Spin magnetic moment
In physics, mainly quantum mechanics and particle physics, a spin magnetic moment is the magnetic moment induced by the spin of elementary particles. For example, the electron is an elementary spin-1/2 fermion. Quantum electrodynamics gives the most accurate prediction of the anomalous magnetic moment of the electron.
"Spin" is a non–classical property of elementary particles, since classically the "spin angular momentum" of a material object is really just the total orbital angular momenta of the object's constituents about the rotation axis. Elementary particles are conceived as concepts which have no axis to "spin" around (see wave–particle duality).
In general, a magnetic moment can be defined in terms of an electric current and the area enclosed by the current loop. Since angular momentum corresponds to rotational motion, the magnetic moment can be related to the orbital angular momentum of the charge carriers in the constituting the current. However, in magnetic materials, the atomic and molecular dipoles have magnetic moments not just because of their quantized orbital angular momentum, but the spin of elementary particles constituting them (electrons, and the quarks in the protons and neutrons of the atomic nuclei). A particle may have a spin magnetic moment without having an electric charge; the neutron is electrically neutral but has a non–zero magnetic moment, because of its internal quark structure.
where is the gyromagnetic ratio, g is a dimensionless number, called the g-factor, q is the charge, and m is the mass. The g-factor depends on the particle: it is g = −2.0023 for the electron, g = 5.586 for the proton, and g = −3.826 for the neutron. The proton and neutron are composed of quarks, which have a non-zero charge and a spin of ħ/2, and this must be taken into account when calculating their g-factors. Even though the neutron has a charge q = 0, its quarks give it a magnetic moment. The proton and electron's spin magnetic moments can be calculated by setting q = +e and q = −e, respectively, where e is the elementary charge.
Just like the total spin angular momentum cannot be measured, neither can the total spin magnetic moment be measured. Equations (1), (2), (3) give the physical observable, that component of the magnetic moment measured along an axis, relative to or along the applied field direction. Assuming a Cartesian coordinate system, conventionally, the z-axis is chosen but the observable values of the component of spin angular momentum along all three axes are each ±ħ/2. However, in order to obtain the magnitude of the total spin angular momentum, S→ be replaced by its eigenvalue, √, where s is the spin quantum number. In turn, calculation of the magnitude of the total spin magnetic moment requires that (3) be replaced by:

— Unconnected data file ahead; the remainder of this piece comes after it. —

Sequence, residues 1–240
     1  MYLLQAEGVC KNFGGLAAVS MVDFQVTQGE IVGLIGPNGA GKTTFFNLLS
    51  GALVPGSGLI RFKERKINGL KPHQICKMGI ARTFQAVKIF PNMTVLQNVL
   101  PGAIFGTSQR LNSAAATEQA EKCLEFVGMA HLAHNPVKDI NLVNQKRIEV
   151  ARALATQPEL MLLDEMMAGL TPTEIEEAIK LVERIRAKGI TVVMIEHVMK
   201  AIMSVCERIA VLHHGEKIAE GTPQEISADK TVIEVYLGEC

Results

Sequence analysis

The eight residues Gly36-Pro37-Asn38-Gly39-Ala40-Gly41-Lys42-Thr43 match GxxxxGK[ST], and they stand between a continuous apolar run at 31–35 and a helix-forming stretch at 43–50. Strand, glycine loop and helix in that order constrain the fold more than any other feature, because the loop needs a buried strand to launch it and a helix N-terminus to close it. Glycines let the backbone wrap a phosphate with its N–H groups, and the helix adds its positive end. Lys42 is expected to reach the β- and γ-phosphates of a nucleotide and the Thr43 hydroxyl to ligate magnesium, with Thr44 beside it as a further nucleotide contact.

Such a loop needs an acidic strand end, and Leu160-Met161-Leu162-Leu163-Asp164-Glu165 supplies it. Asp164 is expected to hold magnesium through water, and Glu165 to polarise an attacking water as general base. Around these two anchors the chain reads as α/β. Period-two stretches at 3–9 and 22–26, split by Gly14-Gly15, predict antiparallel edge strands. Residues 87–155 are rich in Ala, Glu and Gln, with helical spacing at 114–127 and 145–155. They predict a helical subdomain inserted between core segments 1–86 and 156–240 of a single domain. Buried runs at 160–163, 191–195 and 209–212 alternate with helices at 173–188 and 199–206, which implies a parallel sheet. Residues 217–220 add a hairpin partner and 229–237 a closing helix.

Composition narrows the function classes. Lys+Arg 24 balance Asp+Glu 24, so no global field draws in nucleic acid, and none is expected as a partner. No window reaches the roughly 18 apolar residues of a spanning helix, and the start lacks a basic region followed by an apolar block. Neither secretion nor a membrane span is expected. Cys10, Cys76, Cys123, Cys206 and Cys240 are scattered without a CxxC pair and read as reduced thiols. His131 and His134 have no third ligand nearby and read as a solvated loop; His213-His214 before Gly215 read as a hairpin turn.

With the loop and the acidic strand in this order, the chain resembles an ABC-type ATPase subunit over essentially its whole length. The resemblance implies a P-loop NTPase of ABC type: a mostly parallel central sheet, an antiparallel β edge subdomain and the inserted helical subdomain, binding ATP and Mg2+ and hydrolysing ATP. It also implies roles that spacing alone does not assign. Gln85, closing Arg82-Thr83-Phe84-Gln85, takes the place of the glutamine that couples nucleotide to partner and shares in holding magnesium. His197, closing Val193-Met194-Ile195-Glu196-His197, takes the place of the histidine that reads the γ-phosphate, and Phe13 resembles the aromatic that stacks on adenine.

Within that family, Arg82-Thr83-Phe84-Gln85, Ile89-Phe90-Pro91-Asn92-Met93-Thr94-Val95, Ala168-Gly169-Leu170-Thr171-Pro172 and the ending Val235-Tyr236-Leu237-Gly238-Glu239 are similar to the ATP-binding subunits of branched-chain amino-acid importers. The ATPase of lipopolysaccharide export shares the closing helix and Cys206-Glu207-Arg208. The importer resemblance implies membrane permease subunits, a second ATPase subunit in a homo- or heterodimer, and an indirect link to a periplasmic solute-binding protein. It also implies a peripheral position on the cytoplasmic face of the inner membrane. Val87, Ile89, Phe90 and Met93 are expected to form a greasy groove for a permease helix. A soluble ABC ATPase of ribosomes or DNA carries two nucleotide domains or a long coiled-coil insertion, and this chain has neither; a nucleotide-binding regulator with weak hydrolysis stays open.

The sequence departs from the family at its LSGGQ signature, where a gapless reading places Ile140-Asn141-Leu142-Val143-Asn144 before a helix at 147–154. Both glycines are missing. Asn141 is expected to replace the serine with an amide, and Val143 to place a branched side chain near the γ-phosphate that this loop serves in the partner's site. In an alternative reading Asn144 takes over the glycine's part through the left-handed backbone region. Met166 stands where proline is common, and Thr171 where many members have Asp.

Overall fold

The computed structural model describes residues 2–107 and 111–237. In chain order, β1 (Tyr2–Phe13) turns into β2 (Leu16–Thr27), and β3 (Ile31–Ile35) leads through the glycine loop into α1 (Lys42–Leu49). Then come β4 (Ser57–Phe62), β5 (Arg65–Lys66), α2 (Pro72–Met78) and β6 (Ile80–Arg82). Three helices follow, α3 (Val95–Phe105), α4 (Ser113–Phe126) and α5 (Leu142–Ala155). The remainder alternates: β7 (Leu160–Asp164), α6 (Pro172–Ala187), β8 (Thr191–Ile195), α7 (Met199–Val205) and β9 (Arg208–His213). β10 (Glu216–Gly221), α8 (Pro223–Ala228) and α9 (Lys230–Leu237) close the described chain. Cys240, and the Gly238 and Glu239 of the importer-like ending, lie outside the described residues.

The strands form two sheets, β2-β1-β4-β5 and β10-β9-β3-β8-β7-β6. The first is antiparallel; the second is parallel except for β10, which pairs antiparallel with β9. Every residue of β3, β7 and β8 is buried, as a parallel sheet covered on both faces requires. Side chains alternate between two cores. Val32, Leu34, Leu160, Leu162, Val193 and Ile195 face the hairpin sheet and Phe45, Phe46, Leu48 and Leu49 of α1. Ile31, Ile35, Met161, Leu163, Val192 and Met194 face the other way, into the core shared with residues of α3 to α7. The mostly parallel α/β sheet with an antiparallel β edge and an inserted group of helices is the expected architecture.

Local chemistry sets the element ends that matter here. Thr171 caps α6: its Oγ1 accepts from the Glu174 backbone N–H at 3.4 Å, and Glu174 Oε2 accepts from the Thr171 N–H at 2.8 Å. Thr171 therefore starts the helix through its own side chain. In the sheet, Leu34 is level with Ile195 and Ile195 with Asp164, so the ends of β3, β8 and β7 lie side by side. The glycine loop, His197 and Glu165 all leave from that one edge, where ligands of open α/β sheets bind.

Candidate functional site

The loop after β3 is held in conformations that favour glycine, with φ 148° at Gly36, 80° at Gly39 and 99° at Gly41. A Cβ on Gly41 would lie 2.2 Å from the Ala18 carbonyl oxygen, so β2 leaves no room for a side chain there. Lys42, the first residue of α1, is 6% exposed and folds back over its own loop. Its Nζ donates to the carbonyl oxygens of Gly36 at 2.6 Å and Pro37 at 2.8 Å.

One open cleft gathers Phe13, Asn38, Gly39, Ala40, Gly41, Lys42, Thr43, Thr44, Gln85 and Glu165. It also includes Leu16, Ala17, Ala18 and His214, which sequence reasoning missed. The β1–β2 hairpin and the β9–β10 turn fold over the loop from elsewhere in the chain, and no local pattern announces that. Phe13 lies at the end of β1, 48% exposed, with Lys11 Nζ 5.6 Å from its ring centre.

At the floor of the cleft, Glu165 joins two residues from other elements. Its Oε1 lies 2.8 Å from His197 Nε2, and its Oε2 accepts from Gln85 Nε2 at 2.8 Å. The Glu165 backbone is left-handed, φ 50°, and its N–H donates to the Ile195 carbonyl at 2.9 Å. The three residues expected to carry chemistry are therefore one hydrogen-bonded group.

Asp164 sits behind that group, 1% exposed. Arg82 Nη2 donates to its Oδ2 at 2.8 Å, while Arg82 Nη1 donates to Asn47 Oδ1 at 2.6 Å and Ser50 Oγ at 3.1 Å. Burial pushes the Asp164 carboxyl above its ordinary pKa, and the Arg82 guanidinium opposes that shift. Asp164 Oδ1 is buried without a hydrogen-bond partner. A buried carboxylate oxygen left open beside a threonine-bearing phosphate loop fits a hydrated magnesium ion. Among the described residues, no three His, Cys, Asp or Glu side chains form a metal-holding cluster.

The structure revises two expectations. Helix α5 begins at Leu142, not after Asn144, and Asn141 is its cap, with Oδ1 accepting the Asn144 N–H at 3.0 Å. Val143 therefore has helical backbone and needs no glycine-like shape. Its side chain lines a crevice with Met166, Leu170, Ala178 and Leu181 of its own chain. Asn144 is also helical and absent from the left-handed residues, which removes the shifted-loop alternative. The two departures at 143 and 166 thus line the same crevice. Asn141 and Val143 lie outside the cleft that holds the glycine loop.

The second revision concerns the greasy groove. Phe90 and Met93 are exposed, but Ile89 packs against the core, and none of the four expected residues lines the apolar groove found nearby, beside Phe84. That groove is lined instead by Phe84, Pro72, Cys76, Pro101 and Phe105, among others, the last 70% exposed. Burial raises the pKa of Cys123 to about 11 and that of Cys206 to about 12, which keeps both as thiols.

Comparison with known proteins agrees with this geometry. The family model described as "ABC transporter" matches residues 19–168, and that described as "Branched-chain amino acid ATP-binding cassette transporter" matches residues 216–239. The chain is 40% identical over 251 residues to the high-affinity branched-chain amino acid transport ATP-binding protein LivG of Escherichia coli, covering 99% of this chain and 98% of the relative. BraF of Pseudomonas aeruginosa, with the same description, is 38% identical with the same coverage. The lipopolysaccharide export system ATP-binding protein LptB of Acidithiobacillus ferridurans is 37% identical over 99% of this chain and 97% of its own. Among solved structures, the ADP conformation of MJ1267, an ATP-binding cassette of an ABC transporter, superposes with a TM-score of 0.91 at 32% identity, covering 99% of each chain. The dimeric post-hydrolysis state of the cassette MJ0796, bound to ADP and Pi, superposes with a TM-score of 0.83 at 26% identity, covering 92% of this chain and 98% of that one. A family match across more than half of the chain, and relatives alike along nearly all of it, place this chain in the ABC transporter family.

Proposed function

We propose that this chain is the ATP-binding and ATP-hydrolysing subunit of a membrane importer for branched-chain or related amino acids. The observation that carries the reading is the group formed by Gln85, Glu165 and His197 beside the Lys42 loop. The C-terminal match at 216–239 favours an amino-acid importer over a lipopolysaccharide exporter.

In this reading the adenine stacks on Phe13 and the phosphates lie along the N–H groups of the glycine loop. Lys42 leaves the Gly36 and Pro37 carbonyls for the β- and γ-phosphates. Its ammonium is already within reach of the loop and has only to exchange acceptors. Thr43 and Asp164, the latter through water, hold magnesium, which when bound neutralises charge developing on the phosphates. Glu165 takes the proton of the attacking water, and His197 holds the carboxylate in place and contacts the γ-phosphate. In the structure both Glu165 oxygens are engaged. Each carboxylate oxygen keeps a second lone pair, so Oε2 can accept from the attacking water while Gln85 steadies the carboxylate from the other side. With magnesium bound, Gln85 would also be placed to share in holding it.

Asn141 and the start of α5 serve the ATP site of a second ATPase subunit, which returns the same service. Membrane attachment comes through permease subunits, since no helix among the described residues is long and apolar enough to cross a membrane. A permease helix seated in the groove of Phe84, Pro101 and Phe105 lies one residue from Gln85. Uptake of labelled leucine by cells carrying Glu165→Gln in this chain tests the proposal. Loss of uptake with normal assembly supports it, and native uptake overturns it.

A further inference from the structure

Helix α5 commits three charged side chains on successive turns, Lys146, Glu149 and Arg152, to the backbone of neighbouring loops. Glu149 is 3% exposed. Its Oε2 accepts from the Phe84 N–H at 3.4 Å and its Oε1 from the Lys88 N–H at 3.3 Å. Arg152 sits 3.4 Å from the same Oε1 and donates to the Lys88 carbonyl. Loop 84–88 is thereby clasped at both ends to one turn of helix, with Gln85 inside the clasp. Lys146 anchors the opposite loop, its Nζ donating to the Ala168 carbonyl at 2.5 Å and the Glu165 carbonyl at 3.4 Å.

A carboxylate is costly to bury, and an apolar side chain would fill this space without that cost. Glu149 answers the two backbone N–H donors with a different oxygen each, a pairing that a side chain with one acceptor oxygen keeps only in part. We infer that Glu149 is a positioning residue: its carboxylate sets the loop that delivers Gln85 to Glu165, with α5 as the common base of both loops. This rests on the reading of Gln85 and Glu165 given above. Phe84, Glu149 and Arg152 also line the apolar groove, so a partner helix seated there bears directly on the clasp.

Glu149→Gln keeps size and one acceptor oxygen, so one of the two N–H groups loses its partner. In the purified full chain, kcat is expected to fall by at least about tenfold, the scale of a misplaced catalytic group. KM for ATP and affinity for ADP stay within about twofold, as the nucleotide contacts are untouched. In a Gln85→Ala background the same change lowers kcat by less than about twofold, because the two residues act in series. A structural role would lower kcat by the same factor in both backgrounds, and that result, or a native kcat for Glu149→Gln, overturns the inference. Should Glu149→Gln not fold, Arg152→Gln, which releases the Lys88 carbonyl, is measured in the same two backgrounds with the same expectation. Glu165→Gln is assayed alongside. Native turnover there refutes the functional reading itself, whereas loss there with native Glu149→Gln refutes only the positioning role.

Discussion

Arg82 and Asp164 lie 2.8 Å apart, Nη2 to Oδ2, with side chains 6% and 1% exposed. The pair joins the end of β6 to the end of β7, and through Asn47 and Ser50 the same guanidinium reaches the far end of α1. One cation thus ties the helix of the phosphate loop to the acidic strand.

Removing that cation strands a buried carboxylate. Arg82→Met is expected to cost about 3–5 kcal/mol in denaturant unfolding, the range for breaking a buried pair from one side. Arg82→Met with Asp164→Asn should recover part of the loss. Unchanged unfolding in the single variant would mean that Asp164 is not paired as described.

Thus, for a single electron, with spin quantum number s = 1/2, the component of the magnetic moment along the field direction is, from (3), | μ→S,z | = μB, while the (magnitude of the) total spin magnetic moment is, from (4), | μ→S | = √ μB, or approximately 1.73 Bohr magnetons.
The analysis is readily extended to the spin-only magnetic moment of an atom. For example, the total spin magnetic moment (sometimes referred to as the effective magnetic moment when the orbital moment contribution to the total magnetic moment is neglected) of a transition metal ion with a single d shell electron outside of closed shells (e.g. Titanium Ti3+) is 1.73 μB since s = 1/2, while an atom with two unpaired electrons (e.g. Vanadium V3+) with S = 1 would have an effective magnetic moment of 2.83 μB.
Spin in chemistry
Spin magnetic moments create a basis for one of the most important principles in chemistry, the Pauli exclusion principle. This principle, first suggested by Wolfgang Pauli, governs most of modern-day chemistry. The theory plays further roles than just the explanations of doublets within electromagnetic spectrum. This additional quantum number, spin, became the basis for the modern standard model used today, which includes the use of Hund's rules, and an explanation of beta decay.
The idea of a spin angular momentum was first proposed in a 1925 publication by George Uhlenbeck and Samuel Goudsmit to explain hyperfine splitting in atomic spectra.[n 3] In 1928, Paul Dirac provided a rigorous theoretical foundation for the concept in the Dirac equation for the wavefunction of the electron.[n 4]
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